THE ICE MAIDEN 787
little people offer carved houses for sale, models of those that are built here in the mountains. u In rain or in sunshine, there are the children offering their wares.
About twenty years ago, a little boy might often be seen standing there, anxious to carry on his trade, but always standing a short distance away from the rest. He would stand there with a very grave face, holding his little box with the carved toys so firmly in both hands that it seemed as if he would not let it go on any account. This appearance of earnestness, together with the fact of his being such a little fellow, often attracted the notice of strangers ; so that he was very frequently beckoned forward, and relieved of a great part of his stock, without himself knowing why this preference was shown him. A couple of miles away, in the mountains, lived his grandfather, who carved the pretty little houses ; and in the old man's room stood a wooden cupboard filled with things of that kind—carved toys in abundance, nutcrackers, knives and forks, boxes adorned with carved leaves and with jumping chamois, all kinds of things that delight children's eyes ; but the boy, Rudy was his name, looked with greater longing at an old rifle that hung from the beam under the ceiling, for his grandfather had promised him that it should be his one day, when he should have grown tall and strong enough to manage it properly.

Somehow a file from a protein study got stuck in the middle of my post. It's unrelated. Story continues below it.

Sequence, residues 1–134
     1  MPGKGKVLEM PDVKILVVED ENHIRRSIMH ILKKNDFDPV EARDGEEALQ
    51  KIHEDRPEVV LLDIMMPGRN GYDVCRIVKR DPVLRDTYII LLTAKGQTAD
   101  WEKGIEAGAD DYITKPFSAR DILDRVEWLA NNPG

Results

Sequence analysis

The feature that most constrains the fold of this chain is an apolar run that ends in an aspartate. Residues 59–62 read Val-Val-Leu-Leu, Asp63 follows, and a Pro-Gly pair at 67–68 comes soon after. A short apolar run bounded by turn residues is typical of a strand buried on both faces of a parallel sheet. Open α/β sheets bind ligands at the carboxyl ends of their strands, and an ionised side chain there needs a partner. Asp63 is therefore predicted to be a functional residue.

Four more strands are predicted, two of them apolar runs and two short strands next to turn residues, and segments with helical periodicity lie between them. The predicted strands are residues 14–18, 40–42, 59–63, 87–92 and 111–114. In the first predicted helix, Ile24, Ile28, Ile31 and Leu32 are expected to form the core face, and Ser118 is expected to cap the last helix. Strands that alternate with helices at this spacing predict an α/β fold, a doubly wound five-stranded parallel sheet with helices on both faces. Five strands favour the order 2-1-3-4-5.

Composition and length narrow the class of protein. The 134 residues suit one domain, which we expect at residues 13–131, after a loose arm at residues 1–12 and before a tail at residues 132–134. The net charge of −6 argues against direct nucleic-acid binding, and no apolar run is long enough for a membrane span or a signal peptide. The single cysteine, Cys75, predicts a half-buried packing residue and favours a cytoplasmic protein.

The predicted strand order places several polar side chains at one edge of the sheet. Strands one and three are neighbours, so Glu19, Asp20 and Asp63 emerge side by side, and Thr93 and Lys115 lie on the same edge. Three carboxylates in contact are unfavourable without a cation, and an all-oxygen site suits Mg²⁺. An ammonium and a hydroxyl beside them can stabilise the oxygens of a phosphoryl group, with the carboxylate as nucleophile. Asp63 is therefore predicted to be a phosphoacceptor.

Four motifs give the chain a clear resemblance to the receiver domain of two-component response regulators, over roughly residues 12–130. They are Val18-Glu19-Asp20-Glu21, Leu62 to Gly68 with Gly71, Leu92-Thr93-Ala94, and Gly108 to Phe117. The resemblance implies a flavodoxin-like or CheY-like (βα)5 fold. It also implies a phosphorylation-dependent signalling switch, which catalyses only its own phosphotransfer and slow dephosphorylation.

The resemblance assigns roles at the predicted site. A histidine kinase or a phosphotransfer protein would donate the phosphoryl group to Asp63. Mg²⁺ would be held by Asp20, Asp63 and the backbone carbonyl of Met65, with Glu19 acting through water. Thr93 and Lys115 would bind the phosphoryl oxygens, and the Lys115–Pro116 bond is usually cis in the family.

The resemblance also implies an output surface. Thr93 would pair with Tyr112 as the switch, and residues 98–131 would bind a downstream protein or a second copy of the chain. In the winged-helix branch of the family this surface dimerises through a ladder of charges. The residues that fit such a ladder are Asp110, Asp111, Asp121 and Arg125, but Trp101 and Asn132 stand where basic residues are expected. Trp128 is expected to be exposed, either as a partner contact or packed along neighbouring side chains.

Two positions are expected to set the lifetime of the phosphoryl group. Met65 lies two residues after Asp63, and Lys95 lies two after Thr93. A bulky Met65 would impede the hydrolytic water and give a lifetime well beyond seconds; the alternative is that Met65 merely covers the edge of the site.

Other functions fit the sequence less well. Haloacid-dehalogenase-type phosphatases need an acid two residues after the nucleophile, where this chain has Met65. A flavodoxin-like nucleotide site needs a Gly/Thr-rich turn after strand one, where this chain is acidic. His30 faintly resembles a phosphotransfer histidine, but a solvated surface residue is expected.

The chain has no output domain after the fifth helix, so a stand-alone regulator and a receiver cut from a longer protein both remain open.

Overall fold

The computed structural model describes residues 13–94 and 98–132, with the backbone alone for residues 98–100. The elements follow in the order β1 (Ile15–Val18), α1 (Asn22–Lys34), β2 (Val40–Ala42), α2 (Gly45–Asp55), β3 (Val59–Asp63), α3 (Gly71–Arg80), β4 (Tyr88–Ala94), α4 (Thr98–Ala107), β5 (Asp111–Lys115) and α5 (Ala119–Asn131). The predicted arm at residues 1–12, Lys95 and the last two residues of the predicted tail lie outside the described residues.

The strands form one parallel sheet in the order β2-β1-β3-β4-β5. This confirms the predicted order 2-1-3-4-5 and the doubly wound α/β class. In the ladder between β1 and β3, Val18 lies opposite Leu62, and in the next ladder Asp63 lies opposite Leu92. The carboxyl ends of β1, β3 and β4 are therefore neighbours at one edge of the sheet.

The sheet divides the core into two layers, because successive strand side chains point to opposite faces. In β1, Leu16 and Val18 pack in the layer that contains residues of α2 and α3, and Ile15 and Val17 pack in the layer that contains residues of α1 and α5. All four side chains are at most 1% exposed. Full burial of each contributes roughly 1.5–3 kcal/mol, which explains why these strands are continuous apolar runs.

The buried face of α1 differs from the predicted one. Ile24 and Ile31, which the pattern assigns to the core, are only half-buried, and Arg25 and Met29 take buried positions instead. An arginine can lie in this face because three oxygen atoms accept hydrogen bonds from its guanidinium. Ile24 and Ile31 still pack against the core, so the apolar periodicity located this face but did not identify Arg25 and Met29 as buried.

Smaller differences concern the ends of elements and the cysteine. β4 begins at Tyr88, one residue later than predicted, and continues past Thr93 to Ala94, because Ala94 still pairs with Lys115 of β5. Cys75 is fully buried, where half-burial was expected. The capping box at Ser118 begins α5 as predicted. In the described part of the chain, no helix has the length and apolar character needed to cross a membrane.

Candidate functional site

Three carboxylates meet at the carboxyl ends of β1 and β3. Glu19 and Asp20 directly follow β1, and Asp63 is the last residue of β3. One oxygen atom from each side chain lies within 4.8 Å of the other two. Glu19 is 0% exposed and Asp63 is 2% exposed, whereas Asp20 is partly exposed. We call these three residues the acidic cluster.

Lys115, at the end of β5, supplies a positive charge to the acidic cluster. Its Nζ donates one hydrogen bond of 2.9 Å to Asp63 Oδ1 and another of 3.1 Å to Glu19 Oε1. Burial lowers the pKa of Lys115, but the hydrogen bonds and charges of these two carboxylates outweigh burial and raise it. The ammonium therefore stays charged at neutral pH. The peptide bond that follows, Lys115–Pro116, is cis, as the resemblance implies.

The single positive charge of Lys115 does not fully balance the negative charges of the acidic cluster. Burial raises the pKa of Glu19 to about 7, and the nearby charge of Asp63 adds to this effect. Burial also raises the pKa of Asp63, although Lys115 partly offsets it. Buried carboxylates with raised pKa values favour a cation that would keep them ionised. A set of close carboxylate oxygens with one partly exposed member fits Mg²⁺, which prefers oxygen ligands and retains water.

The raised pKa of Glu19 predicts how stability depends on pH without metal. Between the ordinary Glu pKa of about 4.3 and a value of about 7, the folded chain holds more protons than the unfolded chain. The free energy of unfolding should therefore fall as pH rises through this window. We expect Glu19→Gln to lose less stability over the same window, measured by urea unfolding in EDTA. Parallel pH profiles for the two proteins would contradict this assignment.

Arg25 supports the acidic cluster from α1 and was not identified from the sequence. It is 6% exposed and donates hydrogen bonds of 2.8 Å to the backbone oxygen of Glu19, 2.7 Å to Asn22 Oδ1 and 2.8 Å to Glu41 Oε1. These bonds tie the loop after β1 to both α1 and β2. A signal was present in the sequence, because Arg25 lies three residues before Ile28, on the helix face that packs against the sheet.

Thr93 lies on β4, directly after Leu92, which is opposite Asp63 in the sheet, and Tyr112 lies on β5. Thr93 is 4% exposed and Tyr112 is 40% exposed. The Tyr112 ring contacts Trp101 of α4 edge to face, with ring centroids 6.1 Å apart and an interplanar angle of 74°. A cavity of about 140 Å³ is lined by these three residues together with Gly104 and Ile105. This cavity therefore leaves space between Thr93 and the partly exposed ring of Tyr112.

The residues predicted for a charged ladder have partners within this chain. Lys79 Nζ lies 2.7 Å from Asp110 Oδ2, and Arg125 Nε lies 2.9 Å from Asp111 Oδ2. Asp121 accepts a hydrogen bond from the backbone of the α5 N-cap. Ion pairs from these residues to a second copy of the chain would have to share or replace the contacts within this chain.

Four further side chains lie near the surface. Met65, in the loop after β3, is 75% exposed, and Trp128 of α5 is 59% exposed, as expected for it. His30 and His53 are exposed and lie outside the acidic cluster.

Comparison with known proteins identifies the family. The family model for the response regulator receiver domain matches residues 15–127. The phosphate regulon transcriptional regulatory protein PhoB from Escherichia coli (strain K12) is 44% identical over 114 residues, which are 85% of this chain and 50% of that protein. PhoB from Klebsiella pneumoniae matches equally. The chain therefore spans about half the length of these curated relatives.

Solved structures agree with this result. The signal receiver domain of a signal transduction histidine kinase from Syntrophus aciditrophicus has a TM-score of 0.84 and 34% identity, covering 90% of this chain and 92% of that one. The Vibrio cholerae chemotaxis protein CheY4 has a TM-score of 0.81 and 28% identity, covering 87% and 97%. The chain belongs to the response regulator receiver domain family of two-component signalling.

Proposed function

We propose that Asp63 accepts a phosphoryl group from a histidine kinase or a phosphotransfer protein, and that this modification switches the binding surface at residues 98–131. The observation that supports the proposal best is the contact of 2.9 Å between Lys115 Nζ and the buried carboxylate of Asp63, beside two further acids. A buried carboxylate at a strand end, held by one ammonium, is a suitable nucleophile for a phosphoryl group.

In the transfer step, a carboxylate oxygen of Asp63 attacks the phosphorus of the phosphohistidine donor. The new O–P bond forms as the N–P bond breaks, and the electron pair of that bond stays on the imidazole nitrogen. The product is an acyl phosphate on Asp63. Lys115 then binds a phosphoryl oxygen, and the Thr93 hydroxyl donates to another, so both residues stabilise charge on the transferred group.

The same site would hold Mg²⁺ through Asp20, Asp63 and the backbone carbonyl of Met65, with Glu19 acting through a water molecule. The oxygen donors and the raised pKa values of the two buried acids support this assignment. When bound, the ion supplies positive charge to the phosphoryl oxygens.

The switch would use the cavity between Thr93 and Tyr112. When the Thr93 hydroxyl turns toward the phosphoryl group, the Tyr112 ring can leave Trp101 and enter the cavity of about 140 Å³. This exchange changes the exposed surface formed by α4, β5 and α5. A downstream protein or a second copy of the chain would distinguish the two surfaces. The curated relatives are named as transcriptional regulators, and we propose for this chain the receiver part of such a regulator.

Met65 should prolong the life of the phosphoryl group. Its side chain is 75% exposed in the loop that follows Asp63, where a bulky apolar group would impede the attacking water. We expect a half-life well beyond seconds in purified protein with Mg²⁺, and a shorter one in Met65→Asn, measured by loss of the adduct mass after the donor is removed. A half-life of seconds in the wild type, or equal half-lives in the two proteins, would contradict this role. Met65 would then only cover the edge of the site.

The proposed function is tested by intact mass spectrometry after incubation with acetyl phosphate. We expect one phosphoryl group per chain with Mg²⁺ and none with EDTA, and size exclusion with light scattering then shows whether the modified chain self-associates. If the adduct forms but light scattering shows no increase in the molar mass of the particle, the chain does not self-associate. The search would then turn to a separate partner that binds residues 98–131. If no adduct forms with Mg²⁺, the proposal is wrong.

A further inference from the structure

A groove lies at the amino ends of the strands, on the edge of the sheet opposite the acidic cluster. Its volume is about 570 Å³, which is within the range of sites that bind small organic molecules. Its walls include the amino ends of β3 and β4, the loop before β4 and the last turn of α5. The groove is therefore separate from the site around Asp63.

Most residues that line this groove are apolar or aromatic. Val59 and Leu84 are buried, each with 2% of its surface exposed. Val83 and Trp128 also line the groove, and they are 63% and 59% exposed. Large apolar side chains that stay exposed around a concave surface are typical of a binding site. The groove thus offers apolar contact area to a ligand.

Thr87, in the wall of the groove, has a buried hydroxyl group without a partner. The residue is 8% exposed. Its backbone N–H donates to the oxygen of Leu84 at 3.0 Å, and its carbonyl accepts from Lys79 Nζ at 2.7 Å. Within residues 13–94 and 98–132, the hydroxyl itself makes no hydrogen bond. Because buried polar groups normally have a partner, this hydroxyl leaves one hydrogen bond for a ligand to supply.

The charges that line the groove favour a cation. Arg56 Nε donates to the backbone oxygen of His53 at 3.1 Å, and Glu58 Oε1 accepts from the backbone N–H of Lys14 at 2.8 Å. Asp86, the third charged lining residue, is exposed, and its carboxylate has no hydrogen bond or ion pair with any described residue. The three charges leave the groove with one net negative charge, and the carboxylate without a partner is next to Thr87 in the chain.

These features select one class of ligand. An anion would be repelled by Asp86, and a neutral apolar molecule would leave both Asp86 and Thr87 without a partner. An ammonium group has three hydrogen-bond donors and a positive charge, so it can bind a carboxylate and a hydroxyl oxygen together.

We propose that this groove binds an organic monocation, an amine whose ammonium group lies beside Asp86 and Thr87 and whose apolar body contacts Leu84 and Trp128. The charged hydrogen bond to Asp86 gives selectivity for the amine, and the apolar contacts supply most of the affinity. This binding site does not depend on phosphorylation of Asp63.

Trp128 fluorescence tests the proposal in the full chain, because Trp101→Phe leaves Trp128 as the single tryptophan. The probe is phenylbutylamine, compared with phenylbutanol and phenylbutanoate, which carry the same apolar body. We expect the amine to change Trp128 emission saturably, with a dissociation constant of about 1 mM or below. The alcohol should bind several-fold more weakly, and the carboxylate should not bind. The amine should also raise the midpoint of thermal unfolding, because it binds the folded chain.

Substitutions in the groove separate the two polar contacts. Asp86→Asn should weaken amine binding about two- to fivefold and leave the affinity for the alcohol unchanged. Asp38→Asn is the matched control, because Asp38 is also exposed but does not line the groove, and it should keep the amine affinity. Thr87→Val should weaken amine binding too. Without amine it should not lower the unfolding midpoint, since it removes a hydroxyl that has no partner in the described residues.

Young as the boy was, he had to keep the goats ; and if ability to climb with his flock makes a good goat-herd, then Rudy was certainly an efficient one, for he even climbed a little higher than the goats could mount, and loved to take the birds' nests from the high trees. A bold and courageous child he was, but he was never seen to smile, save when he stood by the foaming waterfall or heard an avalanche crashing down the mountain-side. He never played with the other children, and only came in contact with them when his grandfather sent him down the mountain to deal in carved toys ; and this was a business Rudy did not exactly like. He preferred clambering about alone among the mountains, or sitting beside his grandfather and hearing the old man tell stories of the old times, or of the people in the neighbouring town of Meir-ingen, his birthplace. The old man said that the people